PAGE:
Genovesa Island

Jun 23, 2018 - National Geographic Islander

We arrived today to our final destination. Our last full day in the Galapagos we spend on the spectacular northern island of Genovesa, also known by the English name of Tower. It is one of the most pristine islands in the archipelago, and home of great colonies of sea and land birds; frigate birds, red-footed boobies, Nazca boobies, swallow-tailed gulls, storm petrels, rare Darwin finches and tropicbirds. The elusive lava gull are some of the ones we found on the white sand of Darwin Bay. This low, brushy island serves as a beacon to winged ocean wanderers as well.

Early in the morning, our guests discovered the beauty of the island, kayaking along the calm waters right after the hike. We observed some frigate birds harassing noisy tropicbirds, and we saw curious sea turtles that showed their bodies on the surface of the ocean. We did not miss the sea lions barking, and others resting on the beach, red-footed boobies nesting, flying, incubating or making an elaborated courtship dance.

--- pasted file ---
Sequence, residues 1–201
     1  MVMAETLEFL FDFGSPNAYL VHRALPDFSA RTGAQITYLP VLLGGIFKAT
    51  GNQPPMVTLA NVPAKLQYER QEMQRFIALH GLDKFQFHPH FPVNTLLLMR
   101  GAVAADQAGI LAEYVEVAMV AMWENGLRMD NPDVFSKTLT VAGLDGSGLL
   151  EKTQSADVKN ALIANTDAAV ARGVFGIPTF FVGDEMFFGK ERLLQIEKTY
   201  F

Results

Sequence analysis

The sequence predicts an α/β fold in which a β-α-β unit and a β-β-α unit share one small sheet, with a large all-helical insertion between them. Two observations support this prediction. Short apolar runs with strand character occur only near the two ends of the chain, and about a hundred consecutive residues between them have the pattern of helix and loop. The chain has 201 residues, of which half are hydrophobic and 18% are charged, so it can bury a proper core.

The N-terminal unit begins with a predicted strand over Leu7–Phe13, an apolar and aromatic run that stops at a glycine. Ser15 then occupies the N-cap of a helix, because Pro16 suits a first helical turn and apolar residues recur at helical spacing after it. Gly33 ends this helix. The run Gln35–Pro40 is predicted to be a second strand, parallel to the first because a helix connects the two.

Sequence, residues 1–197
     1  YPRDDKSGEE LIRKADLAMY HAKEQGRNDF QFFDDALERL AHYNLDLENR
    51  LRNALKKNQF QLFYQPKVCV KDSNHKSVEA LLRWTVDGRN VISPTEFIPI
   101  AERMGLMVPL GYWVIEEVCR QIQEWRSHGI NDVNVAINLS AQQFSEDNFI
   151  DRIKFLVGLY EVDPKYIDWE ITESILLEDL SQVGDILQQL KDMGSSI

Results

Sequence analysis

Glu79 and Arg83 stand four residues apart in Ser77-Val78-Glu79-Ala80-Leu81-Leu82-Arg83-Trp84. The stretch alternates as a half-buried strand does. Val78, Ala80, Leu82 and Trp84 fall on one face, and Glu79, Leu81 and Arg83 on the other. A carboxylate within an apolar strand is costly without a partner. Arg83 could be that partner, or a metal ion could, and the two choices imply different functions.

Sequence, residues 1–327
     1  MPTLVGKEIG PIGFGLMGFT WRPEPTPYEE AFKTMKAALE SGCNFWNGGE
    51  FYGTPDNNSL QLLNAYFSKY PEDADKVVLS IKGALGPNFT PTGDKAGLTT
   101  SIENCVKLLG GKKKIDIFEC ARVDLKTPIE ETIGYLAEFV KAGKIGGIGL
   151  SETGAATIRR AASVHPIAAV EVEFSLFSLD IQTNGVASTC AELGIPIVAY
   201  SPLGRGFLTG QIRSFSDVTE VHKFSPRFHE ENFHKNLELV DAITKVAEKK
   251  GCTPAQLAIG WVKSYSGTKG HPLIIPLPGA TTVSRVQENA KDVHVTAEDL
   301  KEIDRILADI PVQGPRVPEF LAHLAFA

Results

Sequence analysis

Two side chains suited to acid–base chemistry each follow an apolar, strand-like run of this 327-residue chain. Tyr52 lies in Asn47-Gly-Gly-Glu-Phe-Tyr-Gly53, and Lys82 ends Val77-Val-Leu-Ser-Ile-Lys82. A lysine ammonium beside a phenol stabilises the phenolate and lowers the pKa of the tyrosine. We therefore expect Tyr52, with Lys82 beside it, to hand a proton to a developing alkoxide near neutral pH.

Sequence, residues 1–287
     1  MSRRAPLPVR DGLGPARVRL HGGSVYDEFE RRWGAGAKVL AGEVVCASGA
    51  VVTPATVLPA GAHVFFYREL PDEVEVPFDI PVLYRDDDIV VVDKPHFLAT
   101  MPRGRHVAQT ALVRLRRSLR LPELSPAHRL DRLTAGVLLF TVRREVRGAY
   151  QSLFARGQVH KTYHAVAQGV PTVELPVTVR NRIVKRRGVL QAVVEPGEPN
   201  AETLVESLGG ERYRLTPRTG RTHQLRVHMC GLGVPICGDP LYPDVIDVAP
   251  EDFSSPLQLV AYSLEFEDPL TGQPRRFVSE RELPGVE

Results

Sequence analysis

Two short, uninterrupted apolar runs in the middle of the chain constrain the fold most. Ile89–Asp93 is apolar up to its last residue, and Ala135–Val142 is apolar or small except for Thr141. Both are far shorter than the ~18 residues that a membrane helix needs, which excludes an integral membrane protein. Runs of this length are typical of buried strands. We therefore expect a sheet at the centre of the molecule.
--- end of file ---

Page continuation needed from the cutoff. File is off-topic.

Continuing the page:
During the afternoon, we hiked, looking for the short-eared owl among the bushes, where it hunts and feeds on small storm petrels. The owl stays camouflaged until it makes the last move. We also saw the nesting site of red-footed boobies, where we found a chick opening its beak, waiting to be fed by one of its parents. How different red footed boobies are when they are younger, and how unique in their behaviour when up in the trees.

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About the Author

Antonio Adrian

Naturalist/Certified Photo Instructor

Antonio is Ecuadorian, although he was raised in Catalonia. He has been a naturalist in the Galápagos since 1994. He studied sciences in a boarding school in England for two years, and he spent four years in medical school in Spain. He then dropped out, to follow Darwin’s footsteps around the wide world.

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